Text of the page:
Once suffering under the yoke of one terrorist group after another, northeastern Syria's Tal Abyad has finally had a taste of freedom after the Turkish military entered the region 10 days ago.
Determined to clear all the sorrowful memories of the past, the Turkish soldiers now have one top priority in the region that is providing security to the civilians.
You're welcomed by a dusty road when you first enter Tal Abyad from Turkey’s Akçakale district in the southeastern province of Şanlıurfa. Though the road seems mostly empty and peaceful, there are bullets and cartridge cases all over the place, reminding you constantly of the turbulent days that ended just weeks ago. Although there are no visible threats, the region is still struggling with hidden perils left behind by the PKK’s Syrian wing, the People’s Protection Units (YPG).
Mines or improvised explosive devices (IEDs) that were planted all around the region, especially near civilian settlements, are one of the most common hidden threats that has created a huge challenge for the Turkish military when it comes to providing locals security.
It is quite usual for both the military personnel and the locals to come across new mines each they, despite the fact there is constant work underway to clear the area. Shortly after our vehicle entered the province, it was revealed that mines have been found on our planned path. Immediately, we had to stop moving forward as the mines needed to be removed.
“We have already cleared this area before. Still, there are new IEDs found every day. Locals let us know whenever a new one is being revealed,” said a military commander, just before the removal process has started. When asked how the civilians are being saved from such hidden weapons, the commander answered, “We have placed sandbags around the civilian houses so that they can be protected.”
Following the removal of the IED, which was accompanied by a huge explosion, a massive wave of sand blew through the air, scattering along those sandbags that were in place to save people.
“Even yesterday a group of our soldiers has stepped over a planted mine. You never know what would happen,” said the commander, regarding the difficulties of the region. Still, the roads are relatively safer than the rural parts as they are easier to clean, which is why civilians are constantly being urged to walk in the middle of the roads.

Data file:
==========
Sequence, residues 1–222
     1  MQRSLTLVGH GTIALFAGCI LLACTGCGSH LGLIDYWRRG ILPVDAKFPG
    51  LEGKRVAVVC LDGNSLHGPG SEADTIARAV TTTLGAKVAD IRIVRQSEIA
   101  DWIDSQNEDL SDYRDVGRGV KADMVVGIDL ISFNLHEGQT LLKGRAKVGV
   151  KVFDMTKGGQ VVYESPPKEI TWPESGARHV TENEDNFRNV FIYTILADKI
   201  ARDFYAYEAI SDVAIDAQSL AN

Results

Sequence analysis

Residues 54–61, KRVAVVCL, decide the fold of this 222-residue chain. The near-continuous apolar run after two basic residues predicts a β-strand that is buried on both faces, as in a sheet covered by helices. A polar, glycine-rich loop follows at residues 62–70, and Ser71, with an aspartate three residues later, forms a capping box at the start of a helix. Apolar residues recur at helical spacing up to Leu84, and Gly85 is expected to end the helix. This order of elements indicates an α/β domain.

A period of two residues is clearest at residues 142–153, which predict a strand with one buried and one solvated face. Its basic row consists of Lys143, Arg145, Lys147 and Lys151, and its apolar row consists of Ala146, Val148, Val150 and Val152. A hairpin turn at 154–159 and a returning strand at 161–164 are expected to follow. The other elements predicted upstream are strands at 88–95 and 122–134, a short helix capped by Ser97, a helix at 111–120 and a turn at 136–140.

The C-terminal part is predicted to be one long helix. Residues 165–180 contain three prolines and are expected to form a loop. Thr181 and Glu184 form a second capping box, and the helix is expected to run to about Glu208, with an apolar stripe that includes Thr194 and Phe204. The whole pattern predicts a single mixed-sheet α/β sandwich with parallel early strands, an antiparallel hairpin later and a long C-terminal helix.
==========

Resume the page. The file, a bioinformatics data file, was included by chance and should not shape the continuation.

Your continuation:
On Oct. 13, the Turkish military and Syrian National Army (SNA) forces took control of the western part and a central district of Syria's Tal Abyad, a region often referred to as the YPG's “Achilles Heel," as Turkey's Operation Peace Spring entered its fifth day. Having a majority Arab population, alongside with Kurdish and Turkmens inhabitants, Tal Abyad was first captured by the Syrian opposition back in 2012, only to be captured by the Daesh terrorists two years later. Yet, in 2015, YPG terrorists came along and control of the province. After changing hands three times in the last eight years, suffering from various demographic shifts, migrations and brutalities, the province is now looking for a stable, peaceful order.
“Turkmens, Kurds, Arab we were all living here peacefully until the terrorists came along,” said a Syrian National Army (SNA) soldier, while discussing the current situation of their hometown with a civilian Arab woman, remembering the peaceful past.
Places of worship usable again
After the YPG captured the province from the Daesh, even the places of worship were taken from the civilians after being turned into military bases for the terrorist group. A nearly 100-year-old Orthodox church in central Tal Abyad is one of the greatest examples of restriction over religious practices by the YPG. As one of the main houses of worship for the region, the church had turned into a military base and a temporary prison for the terrorist group, a mission that is far away from its building purposes. When you enter into the church, you are seeing an ordinary, smaller church scene where there are pictures and small statues of the Virgin Mary and Jesus with a small fountain on the left-side wall. However, when you go to the back of the building, an opposite scene welcomes you, with small, dark cells, covered with cobwebs.
“We believe that these cells were used as temporary prisons for the civilians who committed ‘crimes,’” said an SNA soldier named Mohammed, adding that, before they came, all the cells were being emptied already.
Soldiers explained that during Operation Peace Spring, the YPG fired shots from this church and yet the Turkish side did not reciprocate with a concern of damaging a historic house of worship.
At that time, the world was waiting to see Turkey's rules of engagement on the matter, and learn whether such places, including hospitals, etc., will be considered "red lines," as various claims were being circulated all around the media outlets stating that the country was committing “war crimes.” As a response, Turkish soldiers have taken necessary precautions to ensure the safety of civilians and civilian compounds, as the defense ministry highlighted that they are paying utmost attention to make sure civilians are not harmed in the operation.
Another SNA soldier, Abu Jouneyd said the church has not being used actively for years due to YPG presence. “Only a few servants were present there. Now, as they left the region, the church is open to worship once again,” he said.
Near the church, there was also a mosque, which was unusable because of the dirt and damage both inside and outside although not being used as a military base. Yet, when we reach there, we saw an old man, finishing his prayers inside. “When SNA came to the province, one of the first jobs of theirs was to clear this mosque, making it suitable for performing prayers,” said a Turkish soldier as we were observing the green tablatures of the building.
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